The Woman in Gold at Saint Paul, Minnesota (2015)
Acrylic and oil on canvas
48 x 24 inches
This reinterpretation of the original Woman in Gold (Gustav Klimt, 1907) features Kristen Armstrong who raced several times in Mankato during the Nature Valley Grand Prix professional bike race.
About the time Klimt was working on the original painting the 1904 Summer Olympics were taking place in St. Louis, Missouri. In retrospect the 6 female athletes (of 651 total athletes) seems a shockingly low participation rate.
Over a century later, in the 2008 Summer Olympics Kristen Armstrong won her first gold medal in the women’s road time trial. She was one of 4,637 women (of 10,942 total athletes) who competed. It was a victory on many levels.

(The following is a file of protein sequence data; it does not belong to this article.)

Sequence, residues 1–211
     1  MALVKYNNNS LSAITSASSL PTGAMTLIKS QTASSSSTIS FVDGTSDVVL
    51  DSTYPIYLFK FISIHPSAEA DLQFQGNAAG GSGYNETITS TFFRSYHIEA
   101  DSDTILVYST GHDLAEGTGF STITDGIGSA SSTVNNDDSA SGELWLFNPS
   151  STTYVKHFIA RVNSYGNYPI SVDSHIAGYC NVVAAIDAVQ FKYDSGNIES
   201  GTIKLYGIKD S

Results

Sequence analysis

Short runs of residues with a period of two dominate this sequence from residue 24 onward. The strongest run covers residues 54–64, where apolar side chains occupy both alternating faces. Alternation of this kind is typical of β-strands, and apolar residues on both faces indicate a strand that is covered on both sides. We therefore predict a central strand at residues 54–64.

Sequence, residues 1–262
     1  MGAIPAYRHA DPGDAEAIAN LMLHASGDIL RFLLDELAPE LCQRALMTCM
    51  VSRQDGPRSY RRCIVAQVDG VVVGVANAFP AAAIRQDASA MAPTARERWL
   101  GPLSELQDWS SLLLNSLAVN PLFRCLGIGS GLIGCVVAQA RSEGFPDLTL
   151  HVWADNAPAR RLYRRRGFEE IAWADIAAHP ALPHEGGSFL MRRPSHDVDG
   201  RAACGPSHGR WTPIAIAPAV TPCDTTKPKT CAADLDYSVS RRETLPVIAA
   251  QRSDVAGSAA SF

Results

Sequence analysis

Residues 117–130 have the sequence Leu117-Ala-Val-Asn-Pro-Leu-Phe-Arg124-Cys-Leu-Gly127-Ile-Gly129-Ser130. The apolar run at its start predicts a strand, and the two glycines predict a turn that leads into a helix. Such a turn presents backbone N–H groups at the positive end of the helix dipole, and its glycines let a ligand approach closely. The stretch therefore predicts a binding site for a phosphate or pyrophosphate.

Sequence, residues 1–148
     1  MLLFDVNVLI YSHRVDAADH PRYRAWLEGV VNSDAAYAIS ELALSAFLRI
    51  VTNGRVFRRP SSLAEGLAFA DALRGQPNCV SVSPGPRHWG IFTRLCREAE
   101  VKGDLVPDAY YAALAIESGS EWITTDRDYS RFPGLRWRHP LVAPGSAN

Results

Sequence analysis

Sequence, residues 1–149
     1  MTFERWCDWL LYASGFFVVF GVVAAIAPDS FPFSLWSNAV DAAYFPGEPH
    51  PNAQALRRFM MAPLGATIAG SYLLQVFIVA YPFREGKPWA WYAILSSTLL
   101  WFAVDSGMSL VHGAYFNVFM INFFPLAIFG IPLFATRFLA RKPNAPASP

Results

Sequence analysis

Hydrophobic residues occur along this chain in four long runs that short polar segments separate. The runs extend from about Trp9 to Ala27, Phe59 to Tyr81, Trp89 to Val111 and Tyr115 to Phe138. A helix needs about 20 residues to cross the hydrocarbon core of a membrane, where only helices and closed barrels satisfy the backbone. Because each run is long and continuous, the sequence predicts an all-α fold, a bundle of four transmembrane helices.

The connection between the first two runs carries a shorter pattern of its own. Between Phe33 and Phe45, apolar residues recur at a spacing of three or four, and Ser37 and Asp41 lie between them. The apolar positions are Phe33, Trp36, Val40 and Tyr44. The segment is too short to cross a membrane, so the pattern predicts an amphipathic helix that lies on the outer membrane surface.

Armstrong’s compelling gold medal performances in now three Olympic games is one of many extra-ordinary examples of female achievement in the sport. And yet, women are not allowed to participate in the Tour of France. The female versions of the tour,
Tour de France Féminin (last run in 1989) and La Course, have come and gone due to poor media coverage and lack of financial support.
"The head of the Tour de France said recently that a standalone women's tour is almost inevitable, and the French president of the International Cycling Union said he wants to see a women's Tour de France in place before his term is up in 2021.” Beardsley, E. (2018, July 5) "Women Stage Their Own Tour De France On Same Route, With Tougher Conditions,” Retrieved from https://www.npr.org/2018/07/05/626300297/women-stage-their-own-tour-de-france-on-same-route-with-tougher-conditions.
This painting is a celebration of female cyclists and their achievements in spite of struggles for equal representation and opportunities to compete on the international stage.